Alert after dog disease found in Qld


Queensland agricultural authorities have issued an urgent alert after a dog tested positive for a deadly disease with a high mortality rate.

Canine ehrlichiosis is spread through bacteria in the brown dog tick and is known to cause serious health issues, even death, among dogs.

Queensland’s Department of Agriculture and Fisheries (DAF) confirmed a dog had tested positive to the disease on July 1.

It is the first reported case of the disease in a Queensland dog.

A DAF spokesman said the border collie had travelled through Western Australia and the Northern Territory earlier this year.

The discovery in Queensland has prompted a government alert urging people to assess their dog’s health if they were moving into the state from an area where the disease was known to be active.

Ehrlichiosis was first detected in Australian dogs in WA’s Kimberley Region in May last year and again in the Northern Territory a month later.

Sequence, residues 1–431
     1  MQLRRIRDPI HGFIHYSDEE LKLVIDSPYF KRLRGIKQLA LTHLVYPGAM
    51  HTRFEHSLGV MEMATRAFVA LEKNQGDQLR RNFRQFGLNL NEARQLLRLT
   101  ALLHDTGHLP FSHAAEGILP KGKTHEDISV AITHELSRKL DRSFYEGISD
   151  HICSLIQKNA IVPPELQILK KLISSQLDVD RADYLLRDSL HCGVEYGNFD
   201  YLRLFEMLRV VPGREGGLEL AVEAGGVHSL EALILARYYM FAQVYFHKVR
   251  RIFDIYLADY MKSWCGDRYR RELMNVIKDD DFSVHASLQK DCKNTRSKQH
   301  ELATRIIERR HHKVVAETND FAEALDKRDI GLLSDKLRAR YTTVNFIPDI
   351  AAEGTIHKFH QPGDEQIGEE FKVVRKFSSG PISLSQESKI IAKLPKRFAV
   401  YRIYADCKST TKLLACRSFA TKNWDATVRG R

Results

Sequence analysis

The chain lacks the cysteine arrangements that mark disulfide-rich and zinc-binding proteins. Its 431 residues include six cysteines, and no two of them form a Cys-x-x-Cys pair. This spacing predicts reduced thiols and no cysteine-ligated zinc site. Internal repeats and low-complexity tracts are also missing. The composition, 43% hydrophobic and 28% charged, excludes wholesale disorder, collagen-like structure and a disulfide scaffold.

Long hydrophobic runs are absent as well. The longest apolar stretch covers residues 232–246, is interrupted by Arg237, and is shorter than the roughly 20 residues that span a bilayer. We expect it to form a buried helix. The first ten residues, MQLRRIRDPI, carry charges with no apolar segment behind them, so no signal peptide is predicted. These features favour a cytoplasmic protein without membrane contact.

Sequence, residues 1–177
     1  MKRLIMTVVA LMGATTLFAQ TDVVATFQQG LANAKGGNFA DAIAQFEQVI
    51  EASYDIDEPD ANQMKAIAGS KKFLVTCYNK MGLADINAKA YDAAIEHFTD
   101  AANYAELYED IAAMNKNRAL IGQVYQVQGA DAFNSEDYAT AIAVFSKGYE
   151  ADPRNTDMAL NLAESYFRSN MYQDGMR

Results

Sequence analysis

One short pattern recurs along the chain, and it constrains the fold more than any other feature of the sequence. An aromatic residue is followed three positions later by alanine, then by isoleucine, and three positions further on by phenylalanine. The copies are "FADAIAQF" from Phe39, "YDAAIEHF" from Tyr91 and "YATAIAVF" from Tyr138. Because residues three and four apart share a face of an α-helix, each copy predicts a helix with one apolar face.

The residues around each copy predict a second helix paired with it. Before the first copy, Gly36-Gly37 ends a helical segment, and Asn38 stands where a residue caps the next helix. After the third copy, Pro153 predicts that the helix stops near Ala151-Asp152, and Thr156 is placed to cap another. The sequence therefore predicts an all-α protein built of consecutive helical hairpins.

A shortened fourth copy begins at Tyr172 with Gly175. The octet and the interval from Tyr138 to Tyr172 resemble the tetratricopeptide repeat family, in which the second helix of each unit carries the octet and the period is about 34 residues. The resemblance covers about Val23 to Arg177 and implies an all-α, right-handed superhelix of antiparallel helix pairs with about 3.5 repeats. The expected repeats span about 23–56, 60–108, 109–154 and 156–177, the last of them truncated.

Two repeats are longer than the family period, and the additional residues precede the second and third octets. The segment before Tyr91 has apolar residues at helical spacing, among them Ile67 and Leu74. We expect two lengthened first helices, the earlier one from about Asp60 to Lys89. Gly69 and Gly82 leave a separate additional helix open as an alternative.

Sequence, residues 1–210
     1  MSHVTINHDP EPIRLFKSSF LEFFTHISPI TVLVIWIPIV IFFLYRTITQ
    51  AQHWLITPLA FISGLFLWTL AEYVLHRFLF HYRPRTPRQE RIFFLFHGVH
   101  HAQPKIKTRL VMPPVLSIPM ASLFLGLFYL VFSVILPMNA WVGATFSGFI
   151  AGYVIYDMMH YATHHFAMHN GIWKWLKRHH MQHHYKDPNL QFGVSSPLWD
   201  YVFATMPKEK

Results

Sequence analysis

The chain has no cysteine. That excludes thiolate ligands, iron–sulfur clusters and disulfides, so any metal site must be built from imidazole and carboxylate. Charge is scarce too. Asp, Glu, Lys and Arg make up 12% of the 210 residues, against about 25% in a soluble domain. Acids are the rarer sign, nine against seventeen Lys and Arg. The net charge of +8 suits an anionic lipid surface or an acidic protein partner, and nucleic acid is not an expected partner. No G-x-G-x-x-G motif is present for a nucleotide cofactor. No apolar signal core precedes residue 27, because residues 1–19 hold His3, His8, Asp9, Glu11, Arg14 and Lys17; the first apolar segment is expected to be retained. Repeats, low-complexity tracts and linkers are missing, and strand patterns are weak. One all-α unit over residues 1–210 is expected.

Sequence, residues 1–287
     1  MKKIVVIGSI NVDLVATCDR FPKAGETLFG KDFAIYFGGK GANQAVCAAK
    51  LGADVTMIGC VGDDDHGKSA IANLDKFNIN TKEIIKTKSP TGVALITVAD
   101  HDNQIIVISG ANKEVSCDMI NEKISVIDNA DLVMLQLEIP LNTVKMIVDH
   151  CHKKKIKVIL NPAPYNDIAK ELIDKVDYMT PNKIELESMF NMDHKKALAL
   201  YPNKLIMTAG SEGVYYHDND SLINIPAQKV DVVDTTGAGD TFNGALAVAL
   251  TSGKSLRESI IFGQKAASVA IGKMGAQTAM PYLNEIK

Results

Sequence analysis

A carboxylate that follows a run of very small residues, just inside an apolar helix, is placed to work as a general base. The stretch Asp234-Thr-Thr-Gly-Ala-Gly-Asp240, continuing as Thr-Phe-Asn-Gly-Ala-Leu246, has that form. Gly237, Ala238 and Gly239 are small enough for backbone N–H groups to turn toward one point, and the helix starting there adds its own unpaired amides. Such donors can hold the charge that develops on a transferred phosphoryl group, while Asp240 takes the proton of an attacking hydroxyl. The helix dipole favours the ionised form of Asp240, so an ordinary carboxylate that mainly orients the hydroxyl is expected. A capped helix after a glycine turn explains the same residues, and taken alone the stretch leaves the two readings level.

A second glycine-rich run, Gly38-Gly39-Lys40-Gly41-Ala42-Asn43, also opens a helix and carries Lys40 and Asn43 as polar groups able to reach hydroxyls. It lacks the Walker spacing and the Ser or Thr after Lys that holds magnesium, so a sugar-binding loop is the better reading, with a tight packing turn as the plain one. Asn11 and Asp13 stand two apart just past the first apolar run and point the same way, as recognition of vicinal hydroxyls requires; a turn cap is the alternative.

“A veterinarian treated the dog after it displayed signs consistent with E. canis and sent samples to the Queensland government biosecurity sciences laboratory where the infection was confirmed,” the spokesman said.

“The dog owner is working with their private veterinarian to manage the case through appropriate therapy and tick management.”

The bacteria Ehrlichia canis (E. canis) is known to cause fever, bleeding disorders, weakness and result in a low platelet count in dogs.

According to Wildlife Health Australia, the disease has a high mortality rate during the chronic phase of infection.

The DAF spokesman said dog owners should maintain an effective tick control program, including regular inspections.

“Early treatment of infected dogs provides the best chance of recovery and acutely infected dogs that are appropriately treated have a good prognosis,” the spokesman said.

“There is no vaccine for E. canis.

“Infected dogs do not transmit E canis to humans or other animals.

“In rare cases, people may become infected with E canis after being bitten by an infected tick.”



Please enter your comment!
Please enter your name here